Recent tragic events in Cumbria have brought the problems with gun licensing into sharp relief. The police take most of the responsibility for who should be allowed a shotgun license: but it is doctors, usually GPs, who are asked to sign to say that there are no health concerns with gun ownership.
GPs are used to dealing with risk. Uncertainty is the name of the medical game: I’m not uncomfortable with dealing with unknowns. But one has to acknowledge that uncertainties exist, and make sure that decisions which one makes takes congnisence of them. This is the problem: I don’t know any test which helps to tell me who is going to be safe in owning a gun. Even if I have no note of ‘mental instability’ (and even if I know what that is) in the notes – and even if this was a good predictor of a problem – there is no guarantee that has never existed. Because of the lack of evidence in directing me towards good decision making, I’ve had a personal policy of not signing these certificates for anyone.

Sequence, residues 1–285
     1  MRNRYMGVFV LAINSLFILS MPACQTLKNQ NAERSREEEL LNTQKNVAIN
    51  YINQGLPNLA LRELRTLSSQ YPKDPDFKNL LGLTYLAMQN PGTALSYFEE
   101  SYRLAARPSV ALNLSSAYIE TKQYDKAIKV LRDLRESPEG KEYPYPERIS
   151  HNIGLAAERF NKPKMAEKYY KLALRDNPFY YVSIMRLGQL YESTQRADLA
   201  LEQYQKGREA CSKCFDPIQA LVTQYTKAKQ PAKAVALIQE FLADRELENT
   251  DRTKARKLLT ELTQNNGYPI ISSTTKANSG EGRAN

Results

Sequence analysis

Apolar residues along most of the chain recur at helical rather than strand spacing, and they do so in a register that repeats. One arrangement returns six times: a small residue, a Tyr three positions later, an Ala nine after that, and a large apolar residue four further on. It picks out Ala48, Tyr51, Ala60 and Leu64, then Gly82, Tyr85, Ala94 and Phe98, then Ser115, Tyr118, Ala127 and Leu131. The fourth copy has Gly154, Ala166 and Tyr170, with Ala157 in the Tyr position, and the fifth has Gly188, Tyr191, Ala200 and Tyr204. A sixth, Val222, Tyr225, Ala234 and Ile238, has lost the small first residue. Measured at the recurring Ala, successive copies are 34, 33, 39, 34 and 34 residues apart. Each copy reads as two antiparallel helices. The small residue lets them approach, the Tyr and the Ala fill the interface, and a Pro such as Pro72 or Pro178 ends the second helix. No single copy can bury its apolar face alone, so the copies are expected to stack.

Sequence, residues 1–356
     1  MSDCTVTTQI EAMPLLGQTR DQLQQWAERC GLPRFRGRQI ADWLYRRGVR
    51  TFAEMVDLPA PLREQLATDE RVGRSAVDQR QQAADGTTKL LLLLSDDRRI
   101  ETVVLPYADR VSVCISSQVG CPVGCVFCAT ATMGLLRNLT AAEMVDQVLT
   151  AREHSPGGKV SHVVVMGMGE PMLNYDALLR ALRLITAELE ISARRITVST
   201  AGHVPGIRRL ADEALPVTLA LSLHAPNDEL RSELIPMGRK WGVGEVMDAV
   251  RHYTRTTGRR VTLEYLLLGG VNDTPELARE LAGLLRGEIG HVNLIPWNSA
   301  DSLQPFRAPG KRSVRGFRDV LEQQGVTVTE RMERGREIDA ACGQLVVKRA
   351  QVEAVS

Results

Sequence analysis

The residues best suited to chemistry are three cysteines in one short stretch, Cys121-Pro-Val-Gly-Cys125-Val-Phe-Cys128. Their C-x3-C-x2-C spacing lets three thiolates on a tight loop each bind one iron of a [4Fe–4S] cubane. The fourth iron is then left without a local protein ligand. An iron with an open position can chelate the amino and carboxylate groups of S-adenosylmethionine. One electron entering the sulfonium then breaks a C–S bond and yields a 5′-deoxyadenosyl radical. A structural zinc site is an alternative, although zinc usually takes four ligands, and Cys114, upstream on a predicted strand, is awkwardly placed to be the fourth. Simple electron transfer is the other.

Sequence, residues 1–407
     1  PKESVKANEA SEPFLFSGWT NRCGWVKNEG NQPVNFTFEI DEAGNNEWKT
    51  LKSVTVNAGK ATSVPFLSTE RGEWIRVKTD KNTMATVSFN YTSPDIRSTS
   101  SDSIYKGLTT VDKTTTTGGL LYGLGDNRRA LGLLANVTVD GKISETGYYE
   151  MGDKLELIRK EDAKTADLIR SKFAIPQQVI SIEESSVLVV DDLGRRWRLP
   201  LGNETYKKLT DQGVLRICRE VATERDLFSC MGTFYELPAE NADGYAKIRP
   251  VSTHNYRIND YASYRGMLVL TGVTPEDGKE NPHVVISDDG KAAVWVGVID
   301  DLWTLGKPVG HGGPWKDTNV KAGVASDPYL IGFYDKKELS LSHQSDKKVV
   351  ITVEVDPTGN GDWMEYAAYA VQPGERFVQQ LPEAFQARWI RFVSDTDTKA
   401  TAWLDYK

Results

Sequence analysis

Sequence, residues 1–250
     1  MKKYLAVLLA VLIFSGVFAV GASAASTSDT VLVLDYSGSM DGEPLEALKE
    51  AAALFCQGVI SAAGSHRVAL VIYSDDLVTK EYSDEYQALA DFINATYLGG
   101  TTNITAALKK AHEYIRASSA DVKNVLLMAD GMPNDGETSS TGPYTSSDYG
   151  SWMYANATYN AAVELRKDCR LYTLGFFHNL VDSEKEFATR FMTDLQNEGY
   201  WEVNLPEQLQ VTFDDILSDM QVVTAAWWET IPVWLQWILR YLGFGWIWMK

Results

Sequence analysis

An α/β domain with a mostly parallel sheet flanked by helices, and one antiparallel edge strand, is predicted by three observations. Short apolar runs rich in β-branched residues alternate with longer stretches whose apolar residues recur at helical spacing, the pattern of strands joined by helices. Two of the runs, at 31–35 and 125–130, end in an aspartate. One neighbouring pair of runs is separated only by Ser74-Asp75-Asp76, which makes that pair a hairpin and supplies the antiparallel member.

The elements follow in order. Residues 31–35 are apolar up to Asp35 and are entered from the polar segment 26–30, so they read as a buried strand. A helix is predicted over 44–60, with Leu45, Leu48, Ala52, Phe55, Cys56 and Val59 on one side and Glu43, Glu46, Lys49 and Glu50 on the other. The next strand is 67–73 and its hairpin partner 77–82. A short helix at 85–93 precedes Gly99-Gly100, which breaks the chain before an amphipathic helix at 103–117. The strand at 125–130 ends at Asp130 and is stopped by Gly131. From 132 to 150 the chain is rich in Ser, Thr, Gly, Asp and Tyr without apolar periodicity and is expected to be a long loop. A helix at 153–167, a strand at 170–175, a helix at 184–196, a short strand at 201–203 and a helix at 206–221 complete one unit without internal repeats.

This paper gives a good overview : and this editorial has wise words: “it is impossible to predict with certainty who might be unsafe with a gun.” Medical certification gives a seemingly professional approval where, really, none can exist.